What Does Good Policing Look Like?

Are American cities crime-ridden hellscapes right now? Have cities rebounded from pandemic-era homicide spikes? Why do subway shootings in New York and carjackings in D.C. keep making the news?

“I think a lot of this has to be disaggregated: There is a public order problem, and there is a violent crime problem, and they’re not necessarily the same problem,” Peter Moskos, a professor at John Jay College of Criminal Justice in New York City and former Baltimore cop, tells Reason‘s Zach Weissmueller and Liz Wolfe on the latest episode of Just Asking Questions.

They discussed the pros and cons of broken-windows policing, how “soft-on-crime” district attorneys affect the cities they’re tasked with keeping safe, and whether New York City should become more like Singapore by cracking down on petty crimes.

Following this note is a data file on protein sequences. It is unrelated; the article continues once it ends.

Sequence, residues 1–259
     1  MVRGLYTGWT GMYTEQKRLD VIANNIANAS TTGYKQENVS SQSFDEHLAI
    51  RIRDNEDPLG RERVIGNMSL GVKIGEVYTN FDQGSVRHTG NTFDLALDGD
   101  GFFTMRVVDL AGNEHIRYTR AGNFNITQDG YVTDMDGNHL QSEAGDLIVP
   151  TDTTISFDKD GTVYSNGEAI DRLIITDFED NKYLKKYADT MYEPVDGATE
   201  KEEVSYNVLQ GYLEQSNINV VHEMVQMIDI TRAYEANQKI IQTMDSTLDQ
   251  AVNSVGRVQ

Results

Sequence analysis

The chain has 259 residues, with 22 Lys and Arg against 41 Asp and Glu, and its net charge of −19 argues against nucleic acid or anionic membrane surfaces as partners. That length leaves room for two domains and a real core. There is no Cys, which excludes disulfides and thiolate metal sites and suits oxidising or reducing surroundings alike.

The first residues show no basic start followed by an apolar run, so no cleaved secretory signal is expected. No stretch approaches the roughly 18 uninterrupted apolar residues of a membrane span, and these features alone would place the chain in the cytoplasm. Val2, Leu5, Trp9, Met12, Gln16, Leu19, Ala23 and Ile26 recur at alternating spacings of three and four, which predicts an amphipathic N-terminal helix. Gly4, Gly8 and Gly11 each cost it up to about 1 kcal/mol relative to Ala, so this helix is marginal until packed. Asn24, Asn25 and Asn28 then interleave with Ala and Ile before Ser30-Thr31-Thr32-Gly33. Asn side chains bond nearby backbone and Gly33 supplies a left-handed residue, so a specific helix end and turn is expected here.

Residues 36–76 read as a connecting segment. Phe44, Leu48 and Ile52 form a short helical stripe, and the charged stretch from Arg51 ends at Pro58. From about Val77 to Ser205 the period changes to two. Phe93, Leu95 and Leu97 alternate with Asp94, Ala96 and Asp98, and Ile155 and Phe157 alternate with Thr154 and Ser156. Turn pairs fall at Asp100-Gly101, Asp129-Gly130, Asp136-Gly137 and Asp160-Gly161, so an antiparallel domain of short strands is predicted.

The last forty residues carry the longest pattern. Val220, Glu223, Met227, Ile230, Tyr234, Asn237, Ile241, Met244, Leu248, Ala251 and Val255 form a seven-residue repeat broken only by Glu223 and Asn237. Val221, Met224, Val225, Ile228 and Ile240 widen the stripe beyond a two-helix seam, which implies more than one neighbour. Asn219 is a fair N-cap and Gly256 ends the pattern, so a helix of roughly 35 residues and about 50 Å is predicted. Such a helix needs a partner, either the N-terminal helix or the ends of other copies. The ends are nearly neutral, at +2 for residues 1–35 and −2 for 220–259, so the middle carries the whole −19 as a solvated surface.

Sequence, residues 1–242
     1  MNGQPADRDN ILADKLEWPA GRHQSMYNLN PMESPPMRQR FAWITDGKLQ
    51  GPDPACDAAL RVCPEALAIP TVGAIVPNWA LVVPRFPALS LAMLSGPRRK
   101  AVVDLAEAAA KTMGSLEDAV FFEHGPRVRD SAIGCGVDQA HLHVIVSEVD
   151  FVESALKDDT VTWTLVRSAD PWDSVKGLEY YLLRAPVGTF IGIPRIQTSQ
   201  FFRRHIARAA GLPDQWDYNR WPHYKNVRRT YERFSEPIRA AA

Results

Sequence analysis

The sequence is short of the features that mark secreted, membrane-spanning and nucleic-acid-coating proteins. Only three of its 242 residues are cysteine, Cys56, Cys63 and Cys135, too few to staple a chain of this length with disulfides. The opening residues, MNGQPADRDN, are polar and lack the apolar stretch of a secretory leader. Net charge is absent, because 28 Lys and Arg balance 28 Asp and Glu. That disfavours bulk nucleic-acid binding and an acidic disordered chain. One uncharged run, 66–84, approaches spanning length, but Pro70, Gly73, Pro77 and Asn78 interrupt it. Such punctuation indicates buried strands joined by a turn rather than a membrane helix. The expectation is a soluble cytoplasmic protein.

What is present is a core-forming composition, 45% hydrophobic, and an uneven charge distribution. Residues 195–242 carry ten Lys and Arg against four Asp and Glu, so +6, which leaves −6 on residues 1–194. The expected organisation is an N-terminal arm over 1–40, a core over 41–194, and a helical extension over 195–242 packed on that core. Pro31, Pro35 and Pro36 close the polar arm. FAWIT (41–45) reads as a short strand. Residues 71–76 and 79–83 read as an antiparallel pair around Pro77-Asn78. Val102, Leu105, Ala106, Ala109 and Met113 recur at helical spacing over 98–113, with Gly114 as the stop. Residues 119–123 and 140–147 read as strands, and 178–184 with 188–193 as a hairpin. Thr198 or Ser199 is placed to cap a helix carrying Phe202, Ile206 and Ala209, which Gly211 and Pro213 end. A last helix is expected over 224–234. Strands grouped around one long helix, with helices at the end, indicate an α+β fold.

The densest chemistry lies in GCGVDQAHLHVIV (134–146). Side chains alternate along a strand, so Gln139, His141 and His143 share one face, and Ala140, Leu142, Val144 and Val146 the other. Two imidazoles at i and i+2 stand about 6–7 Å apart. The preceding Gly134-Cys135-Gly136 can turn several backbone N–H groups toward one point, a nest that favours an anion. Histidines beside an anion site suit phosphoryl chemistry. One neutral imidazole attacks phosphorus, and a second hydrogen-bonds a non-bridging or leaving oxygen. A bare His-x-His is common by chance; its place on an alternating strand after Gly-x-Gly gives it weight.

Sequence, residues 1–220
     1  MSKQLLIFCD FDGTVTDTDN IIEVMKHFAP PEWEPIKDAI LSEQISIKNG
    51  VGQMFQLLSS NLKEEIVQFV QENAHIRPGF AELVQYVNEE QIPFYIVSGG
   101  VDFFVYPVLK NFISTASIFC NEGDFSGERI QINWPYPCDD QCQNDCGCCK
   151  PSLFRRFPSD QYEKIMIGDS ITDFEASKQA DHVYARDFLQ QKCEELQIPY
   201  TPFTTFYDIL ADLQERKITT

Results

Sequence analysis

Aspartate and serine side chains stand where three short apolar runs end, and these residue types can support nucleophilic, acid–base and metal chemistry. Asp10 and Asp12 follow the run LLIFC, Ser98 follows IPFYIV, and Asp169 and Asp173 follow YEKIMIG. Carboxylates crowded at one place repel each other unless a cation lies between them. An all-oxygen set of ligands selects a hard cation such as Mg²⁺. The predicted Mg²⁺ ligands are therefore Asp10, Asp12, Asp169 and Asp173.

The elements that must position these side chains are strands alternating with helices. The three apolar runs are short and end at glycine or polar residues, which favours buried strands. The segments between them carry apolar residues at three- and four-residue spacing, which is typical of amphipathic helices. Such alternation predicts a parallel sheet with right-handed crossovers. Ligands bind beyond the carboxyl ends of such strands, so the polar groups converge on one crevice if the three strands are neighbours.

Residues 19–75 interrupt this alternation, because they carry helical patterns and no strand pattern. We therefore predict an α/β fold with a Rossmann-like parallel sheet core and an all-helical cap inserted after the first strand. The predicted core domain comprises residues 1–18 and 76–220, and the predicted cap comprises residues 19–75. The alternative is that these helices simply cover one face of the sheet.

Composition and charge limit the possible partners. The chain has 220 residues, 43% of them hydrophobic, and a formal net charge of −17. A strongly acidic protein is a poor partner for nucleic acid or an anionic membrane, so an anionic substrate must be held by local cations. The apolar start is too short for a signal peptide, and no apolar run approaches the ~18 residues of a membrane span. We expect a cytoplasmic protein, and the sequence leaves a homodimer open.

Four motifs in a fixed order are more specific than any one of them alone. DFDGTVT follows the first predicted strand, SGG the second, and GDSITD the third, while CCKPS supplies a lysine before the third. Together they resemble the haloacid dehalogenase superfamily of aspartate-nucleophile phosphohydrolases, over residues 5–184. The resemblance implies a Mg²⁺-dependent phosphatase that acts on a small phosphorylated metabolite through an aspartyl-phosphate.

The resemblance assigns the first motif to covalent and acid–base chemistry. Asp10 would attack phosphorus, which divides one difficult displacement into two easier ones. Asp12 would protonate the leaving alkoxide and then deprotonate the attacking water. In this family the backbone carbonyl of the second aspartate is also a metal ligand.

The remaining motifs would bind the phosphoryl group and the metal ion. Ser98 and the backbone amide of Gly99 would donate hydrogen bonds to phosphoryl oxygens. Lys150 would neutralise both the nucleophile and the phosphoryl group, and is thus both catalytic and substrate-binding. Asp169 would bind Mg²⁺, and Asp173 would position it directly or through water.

Watch the full conversation on Reason‘s YouTube channel or on the Just Asking Questions podcast feed on Apple, Spotify, or your preferred podcatcher.

Sources referenced in this conversation:

  1. “More Americans See U.S. Crime Problem as Serious,” by Jeffrey F. Jones in Gallup
  2. Crime Data Explorer
  3. “Crime Trends in U.S. Cities: Mid-Year 2023 Update,” by the Council on Criminal Justice, which tracks rates of homicide and other major crimes in 37 select cities.
  4. New York City’s Metropolitan Transportation Authority’s December 2023 crime report
  5. “The correlation between more police enforcement and fewer shooting incidents in NYC,” by Peter Moskos
  6. Fifty years of officer-involved shooting data, compiled by Peter Moskos